Documentation

Automated Testing with Nitrogen

Overview

Nitrogen has a simple unit testing framework which runs on the server and in the browser, and can be used for testing the functionality of your application, ensuring that objects render properly in the browser, and that actions are wired in the browser appropriately.

This means that currently, you need to be able to run it on a machine with a browser in it, or there is an option to initiate a test from an external browser.

The testing system consists of three layers:

1. Individual Tests

Each individual test is initiated by a call to one of the `?wf_test` macros
and is used to test some simple cause and effect.

There are a few different ways to initiate a test:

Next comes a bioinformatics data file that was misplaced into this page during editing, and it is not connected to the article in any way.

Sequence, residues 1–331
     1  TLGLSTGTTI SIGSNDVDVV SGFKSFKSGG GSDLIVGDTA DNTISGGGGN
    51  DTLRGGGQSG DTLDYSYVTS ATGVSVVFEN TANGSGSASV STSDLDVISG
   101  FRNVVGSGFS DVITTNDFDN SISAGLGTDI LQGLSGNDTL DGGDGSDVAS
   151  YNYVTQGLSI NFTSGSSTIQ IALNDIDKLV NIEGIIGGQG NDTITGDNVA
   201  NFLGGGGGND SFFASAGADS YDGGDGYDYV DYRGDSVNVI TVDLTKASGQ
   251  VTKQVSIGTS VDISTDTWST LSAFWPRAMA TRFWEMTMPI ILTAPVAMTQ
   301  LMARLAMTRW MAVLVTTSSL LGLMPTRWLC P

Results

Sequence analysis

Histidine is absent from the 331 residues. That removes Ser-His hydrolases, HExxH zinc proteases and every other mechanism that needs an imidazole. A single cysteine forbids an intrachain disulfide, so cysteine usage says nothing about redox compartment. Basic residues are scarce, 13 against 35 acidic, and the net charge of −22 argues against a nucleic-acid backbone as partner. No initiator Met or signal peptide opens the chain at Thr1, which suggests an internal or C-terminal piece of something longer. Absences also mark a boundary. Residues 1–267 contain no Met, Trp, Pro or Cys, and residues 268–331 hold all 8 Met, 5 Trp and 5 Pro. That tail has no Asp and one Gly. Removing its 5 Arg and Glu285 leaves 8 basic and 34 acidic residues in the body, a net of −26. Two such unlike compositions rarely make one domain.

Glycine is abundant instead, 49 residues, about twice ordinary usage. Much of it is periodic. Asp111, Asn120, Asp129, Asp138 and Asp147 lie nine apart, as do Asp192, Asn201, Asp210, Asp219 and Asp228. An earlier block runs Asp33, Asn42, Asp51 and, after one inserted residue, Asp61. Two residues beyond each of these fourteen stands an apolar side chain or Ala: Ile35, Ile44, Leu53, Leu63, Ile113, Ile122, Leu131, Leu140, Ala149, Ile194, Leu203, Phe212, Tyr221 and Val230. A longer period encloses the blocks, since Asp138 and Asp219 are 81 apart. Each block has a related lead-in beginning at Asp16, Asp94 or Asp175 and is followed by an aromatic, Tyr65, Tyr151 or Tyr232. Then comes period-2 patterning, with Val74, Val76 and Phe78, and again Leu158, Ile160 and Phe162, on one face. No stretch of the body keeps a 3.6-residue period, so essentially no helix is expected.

• ?wf_test_auto(TestName, SetupFun, AssertionFun) :: This is the most basic form of test. The test system will call SetupFun(), and what that completes, will automatically initiate a postback that will call AssertionFun(). AssertionFun is expected to return true. Anything else will result in the test failing.

    An example that tests that a value was properly set in the browser might be:

      tests() ->
        SetupFun = fun() -> wf:set(my_textbox, "Value") end,
        AssertionFun = fun() -> wf:q(my_textbox) == "Value" end,
        ?wf_test_manual(set_textbox, SetupFun, AssertionFun).
  If something is broken for some reason, (most common would be a typo in
  the name of the element), then `wf:q(my_textbox)` would not return the
  expected value, and the test would fail.
  • ?wf_test_manual(TestName, SetupFun, AssertionFun) :: This is very similar to the ?wf_test_auto test, except that the postback is not automatically executed. Instead, you need to tell the test how to initiate the postback. The easiest way would be with the #event{} or #click{} actions.